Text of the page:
Work & Wellbeing

How does workplace culture affect employee health and wellbeing?
Published

Why workplace wellness should be a top priority for your business

6 Mins

Businesses are becoming increasingly concerned with employee wellbeing and for good reason.

A recent study by workplace solutions retailer, AJ Products, revealed that over 40% of people think that their current work environment has a negative impact on their physical and emotional wellbeing – as well as being detrimental to their productivity.

Why should businesses care?

Improve employee wellbeing with your company culture strategy

According to the Health and Safety Executive (HSE), the two leading causes of absenteeism due to work-related ill health are stress, depression or anxiety, and musculoskeletal disorders.

In the UK in 2018-19, 12.8 million working days were lost because of work-related stress, depression or anxiety, accounting for 54% of working days lost due to ill health. Musculoskeletal problems, such as back and neck pain, accounted for a further 29% of days lost: a total of 6.9 million days.

This is at a considerable cost to UK businesses. Workplace wellness programmes are one of the most effective ways to tackle the problem of work-related health issues. In fact, solutions that address health and wellbeing in the workplace benefit workers and the company’s bottom line alike.

The costs of poor wellbeing

The workplace has a significant role to play in reducing the physical and emotional burden placed on employees, which in turn can lead to fewer days taken as sick leave and greater levels of productivity. Improvements to the physical working environment, including the introduction of flexible and active office furniture, improved lighting and efforts to cut noise levels, can reduce stress, increase concentration levels and improve job satisfaction.

When it comes to present working conditions, employee opinions suggest that many businesses still have a long way to go in order to optimise the workplace to get the best out of their staff. The AJ Products Workplace Health Survey 2019 revealed that, although 82% of people believe that the organisation they work for cares about their health and wellbeing, over 60% said they would consider changing jobs for a healthier and more active work environment.

Workplace wellbeing in business

Furthermore, despite a significant majority believing that their employer cares about their health, 44% think that their current work environment has a negative impact on their physical wellbeing, 46% believe that it has a negative impact on their emotional wellbeing and 48% state that it has an adverse effect on their productivity.

This makes a compelling argument for the importance of improving working conditions. It is not just employees that see the benefit of corporate wellness programmes. Soma Analytics’ Mental Health and Wellbeing: FTSE 100 Report 2018 showed that FTSE 100 companies that placed an emphasis on employee wellbeing and mental health significantly outperformed those that considered it less important.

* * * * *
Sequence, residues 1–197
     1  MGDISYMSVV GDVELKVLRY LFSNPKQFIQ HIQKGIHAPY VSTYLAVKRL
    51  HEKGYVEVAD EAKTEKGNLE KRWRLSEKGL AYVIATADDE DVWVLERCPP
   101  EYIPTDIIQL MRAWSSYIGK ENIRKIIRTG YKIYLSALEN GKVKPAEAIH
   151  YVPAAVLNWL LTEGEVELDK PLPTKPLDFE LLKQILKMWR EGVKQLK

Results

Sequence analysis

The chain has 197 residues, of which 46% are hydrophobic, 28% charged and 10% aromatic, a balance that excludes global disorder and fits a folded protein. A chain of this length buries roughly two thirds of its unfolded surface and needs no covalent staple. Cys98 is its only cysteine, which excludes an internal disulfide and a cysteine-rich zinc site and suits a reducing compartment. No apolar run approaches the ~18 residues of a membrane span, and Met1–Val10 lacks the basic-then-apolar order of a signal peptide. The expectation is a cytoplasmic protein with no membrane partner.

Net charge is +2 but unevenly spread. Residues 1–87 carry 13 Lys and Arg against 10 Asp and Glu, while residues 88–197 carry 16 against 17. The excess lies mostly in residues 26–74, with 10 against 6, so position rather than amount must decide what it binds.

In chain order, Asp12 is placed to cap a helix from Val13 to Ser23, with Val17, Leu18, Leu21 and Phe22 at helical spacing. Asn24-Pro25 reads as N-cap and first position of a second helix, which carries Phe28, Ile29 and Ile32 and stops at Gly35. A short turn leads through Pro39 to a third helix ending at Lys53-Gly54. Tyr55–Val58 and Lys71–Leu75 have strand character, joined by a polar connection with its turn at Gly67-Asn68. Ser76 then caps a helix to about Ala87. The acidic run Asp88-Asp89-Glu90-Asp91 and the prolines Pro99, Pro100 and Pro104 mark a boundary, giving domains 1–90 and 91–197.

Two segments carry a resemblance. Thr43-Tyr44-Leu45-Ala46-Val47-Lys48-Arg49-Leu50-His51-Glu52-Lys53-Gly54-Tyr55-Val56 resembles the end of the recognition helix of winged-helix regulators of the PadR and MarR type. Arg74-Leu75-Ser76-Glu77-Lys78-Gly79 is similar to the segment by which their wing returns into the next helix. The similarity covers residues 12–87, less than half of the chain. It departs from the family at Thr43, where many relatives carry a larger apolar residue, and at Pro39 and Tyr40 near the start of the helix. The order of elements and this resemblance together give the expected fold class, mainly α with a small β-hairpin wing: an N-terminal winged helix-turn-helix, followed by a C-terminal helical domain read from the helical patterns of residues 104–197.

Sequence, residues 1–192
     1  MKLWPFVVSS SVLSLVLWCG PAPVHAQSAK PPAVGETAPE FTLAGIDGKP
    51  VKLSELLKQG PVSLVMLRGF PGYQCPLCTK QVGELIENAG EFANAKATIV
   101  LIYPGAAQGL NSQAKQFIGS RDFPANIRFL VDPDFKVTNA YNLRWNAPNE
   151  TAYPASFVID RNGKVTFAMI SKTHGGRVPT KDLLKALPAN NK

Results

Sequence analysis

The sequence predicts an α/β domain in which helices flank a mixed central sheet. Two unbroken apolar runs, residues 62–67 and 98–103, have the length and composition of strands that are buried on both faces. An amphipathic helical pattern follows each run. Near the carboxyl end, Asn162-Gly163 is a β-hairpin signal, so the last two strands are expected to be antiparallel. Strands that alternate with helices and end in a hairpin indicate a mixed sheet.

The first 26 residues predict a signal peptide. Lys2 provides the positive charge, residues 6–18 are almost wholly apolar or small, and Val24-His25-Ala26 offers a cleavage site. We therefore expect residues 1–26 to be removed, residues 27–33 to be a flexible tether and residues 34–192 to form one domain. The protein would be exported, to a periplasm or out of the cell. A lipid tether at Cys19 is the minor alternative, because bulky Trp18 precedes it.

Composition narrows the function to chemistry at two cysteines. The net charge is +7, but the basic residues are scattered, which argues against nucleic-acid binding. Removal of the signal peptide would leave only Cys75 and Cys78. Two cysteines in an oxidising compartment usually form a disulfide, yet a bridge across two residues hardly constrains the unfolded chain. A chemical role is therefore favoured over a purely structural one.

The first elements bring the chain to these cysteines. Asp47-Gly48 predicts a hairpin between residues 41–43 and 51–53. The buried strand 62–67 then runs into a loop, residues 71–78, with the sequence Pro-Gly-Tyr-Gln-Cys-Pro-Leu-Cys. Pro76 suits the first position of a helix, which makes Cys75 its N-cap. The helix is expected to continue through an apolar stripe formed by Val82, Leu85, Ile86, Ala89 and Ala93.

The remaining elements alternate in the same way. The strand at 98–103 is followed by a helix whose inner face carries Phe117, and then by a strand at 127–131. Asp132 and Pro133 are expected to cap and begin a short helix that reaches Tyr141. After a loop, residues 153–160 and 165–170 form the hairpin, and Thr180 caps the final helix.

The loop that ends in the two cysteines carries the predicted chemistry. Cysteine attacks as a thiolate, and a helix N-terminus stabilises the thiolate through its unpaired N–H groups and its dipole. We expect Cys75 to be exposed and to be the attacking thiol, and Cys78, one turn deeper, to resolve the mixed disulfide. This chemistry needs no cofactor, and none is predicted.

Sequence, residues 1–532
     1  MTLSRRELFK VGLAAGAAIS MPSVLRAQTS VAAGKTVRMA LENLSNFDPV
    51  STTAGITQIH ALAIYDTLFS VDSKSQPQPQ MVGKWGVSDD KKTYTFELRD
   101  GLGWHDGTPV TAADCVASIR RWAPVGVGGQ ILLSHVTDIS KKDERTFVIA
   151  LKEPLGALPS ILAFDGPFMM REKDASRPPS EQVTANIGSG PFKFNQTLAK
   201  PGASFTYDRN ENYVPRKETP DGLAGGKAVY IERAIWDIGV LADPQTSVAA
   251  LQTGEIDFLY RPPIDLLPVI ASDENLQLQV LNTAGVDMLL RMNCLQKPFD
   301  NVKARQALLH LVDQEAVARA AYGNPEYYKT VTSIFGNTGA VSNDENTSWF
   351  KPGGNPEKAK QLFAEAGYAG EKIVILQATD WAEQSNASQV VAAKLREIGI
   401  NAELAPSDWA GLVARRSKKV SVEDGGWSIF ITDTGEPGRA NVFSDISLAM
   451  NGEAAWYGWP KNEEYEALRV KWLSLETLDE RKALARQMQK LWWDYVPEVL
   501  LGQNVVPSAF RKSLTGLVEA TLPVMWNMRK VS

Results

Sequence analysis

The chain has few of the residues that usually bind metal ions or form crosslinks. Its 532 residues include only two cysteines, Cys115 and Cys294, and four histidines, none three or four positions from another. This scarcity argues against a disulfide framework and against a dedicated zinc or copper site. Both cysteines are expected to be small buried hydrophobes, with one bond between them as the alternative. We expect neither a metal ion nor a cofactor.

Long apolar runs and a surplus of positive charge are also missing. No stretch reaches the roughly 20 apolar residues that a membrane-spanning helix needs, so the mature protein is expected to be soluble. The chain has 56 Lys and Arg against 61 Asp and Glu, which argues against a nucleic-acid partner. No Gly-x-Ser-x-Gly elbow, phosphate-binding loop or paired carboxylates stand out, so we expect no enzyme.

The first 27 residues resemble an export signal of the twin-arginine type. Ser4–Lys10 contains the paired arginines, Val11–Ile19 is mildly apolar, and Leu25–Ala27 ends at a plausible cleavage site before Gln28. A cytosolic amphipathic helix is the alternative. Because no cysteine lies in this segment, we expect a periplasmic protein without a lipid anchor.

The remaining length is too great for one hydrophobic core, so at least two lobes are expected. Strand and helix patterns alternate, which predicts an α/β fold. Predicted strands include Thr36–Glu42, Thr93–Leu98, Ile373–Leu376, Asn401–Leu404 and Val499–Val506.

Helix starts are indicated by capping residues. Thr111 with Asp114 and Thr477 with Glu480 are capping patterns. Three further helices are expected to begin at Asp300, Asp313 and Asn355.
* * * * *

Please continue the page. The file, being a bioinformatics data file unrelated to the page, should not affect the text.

How can active working help?

Improve employee health and wellbeing

Active working has become increasingly popular in workplaces worldwide as a response to the dangers of prolonged sitting. Sedentary lifestyles have been held partly responsible for a rise in health conditions such as obesity, type 2 diabetes, heart disease and musculoskeletal problems. Moreover, it has been shown that regular exercise is not enough to combat the negative effects of long hours spent sitting down. The human body is designed to keep moving.

This is possible even with a desk job thanks to the growing range of office furniture on the market designed to encourage activity while working. This includes sit-stand desks, active chairs, stand-up meeting tables, balance boards and standing desk mats.

Get staff ‘moving’

Movement is key to a healthier workday. Workplace solutions that give staff the ability to change their working position and switch between sitting and standing throughout the day help to reduce musculoskeletal complaints by improving posture, increasing core muscle strength and reducing the strain placed on the back and shoulders by sitting. Not only does active office furniture improve physical health, but it also has a knock-on effect on performance, productivity and mood.

A study of 146 NHS staff led by researchers from the Universities of Leicester and Loughborough and published in the British Medical Journal (BMJ) demonstrated that sit-stand desks have a positive effect on mental wellbeing at work. At the end of the one-year study, participants who had been given a standing desk reported improved quality of life, reduced fatigue and reduced anxiety as well as better engagement with their work and improved job performance. An active office that puts employees first will benefit the business by tackling the physical and mental strain that leads to diminished productivity and the most common causes of absenteeism.

Furthermore, it strengthens the image of the company as a top employer, making it easier to retain talented staff and attract the best new recruits. There is no doubt that putting workplace wellness front and centre is a smart move for your business.

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